So merry and glad and free
    The bloom in her cheeks, of health how it speaks,
    Oh! A happy creature is she!
    She tends the loom, she watches the spindle,
    And cheerfully toileth away,
    Amid the din of wheels, how her bright eyes kindle,
    And her bosom is ever gay.
    Oh, sing me the song of the Factory Girl!
    Who no titled lord doth own,
    Who with treasures more rare, is more free from care
    Than a queen upon her throne!
    She tends the loom, she watches the spindle,
    And she parts her glossy hair,
    I know by her smile, as her bright eyes kindle,
    That a cheerful spirit is there.
    Oh, sing me the song of the Factory Girl!
    Link not her name with the Slave's;
    She is brave and free, as the old elm tree
    Which over her homestead waves.
    She ends the loom, she watches the spindle,
    And scorns the laugh and the sneer,
    I know by her lip, and her bright eyes kindle,
    That a free born spirit is there.
    Oh, sing me the song of the Factory Girl!
    Whose fabric doth clothe the world,
    From the king and his peers to the jolly tars
    With our flag o'er all seas unfurled.
    From the California's seas, to the tainted breeze
    Which sweeps the smokened rooms,
    Where "God save the Queen" to cry are seen
    The slaves of the British looms.


Poems and stories like "Song of the Factory Girls" celebrated the female worker for her independence, freedom, and wage earning ability. Phrases like "her bright eyes kindle" and "her bosom is ever gay" gave the impression that all factory girls were happy, and those workers who were not gleeful and happy to be there did not exist. But, the modern reader should remember that even though this piece depicts an enchanted girl, social dialect of the period held the underlying message that the factory worker (especially the female) was only temporary. The girl was always expected to eventually marry and stay home with her family to provide useful and needed labor within the home.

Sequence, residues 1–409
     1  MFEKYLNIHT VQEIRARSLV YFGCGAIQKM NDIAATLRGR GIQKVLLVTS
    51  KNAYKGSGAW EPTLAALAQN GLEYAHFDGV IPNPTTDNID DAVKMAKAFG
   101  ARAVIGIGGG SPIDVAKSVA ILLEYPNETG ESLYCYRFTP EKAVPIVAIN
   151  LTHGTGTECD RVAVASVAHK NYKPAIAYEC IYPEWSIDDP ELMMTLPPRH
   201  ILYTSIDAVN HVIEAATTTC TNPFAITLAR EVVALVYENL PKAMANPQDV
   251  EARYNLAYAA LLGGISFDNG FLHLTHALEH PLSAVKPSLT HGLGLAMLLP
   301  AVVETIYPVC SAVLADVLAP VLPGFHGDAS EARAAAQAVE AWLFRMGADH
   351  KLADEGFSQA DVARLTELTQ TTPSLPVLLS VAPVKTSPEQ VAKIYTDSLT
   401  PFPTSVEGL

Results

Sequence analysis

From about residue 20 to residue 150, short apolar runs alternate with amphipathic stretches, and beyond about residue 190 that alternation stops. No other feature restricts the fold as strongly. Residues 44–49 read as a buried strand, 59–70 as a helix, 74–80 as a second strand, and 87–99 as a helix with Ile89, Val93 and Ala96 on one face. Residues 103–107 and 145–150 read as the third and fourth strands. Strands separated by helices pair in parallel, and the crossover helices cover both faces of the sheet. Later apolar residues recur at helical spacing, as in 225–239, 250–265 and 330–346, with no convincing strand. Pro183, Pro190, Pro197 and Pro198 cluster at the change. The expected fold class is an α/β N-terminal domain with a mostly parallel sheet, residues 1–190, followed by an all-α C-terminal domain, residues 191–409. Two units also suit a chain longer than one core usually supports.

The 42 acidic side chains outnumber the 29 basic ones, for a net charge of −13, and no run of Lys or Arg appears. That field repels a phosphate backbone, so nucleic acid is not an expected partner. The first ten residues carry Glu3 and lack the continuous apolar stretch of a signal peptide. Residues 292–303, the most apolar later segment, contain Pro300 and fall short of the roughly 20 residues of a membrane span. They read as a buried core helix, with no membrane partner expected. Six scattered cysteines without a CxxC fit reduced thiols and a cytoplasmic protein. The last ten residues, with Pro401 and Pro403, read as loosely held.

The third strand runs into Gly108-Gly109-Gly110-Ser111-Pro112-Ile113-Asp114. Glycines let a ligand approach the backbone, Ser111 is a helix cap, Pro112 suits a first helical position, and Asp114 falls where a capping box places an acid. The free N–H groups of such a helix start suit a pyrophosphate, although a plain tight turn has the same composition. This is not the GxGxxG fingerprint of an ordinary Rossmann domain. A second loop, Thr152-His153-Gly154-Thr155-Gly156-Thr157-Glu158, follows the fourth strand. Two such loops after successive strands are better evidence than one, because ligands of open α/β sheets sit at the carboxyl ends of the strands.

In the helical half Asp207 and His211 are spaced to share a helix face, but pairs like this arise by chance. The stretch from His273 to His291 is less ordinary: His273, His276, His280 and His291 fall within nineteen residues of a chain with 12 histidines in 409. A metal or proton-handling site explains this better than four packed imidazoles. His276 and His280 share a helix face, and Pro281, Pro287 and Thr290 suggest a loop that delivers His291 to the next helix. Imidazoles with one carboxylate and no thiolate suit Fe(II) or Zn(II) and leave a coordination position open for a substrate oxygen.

Female strikers continued to demand better pay, and as the factory system grew the life of the factory worker became more permanent. Technology increased production, the population grew, and men and women working in factories began to stay after marriage—and some never got married. Their labor became an intrinsic part of society's needs, and gradually their needs developed into unions and legislation restricting working hours, prohibiting children from working, and increasing pay.



Kessler-Harris, Alice. Out to Work: A History of Wage-Earning Women in the United States. New York: Oxford University Press, 1982.

Kasserman, David Richard. Fall River Outrage: Life, Murder, and Justice in Early Industrial New England. Philadelphia: University of Pennsylvania Press, 1986.

Web sites

American Antiquarian Society. "A Woman's Work is Never Done." 〈〉 (accessed April 10, 2006).

Lavender, Katherine. Department of History. College of Staten Island of The City University of New York. "Lowell Mill Girls and the Rhetoric of Women's Labor Unrest." 〈〉 (accessed April 12, 2006).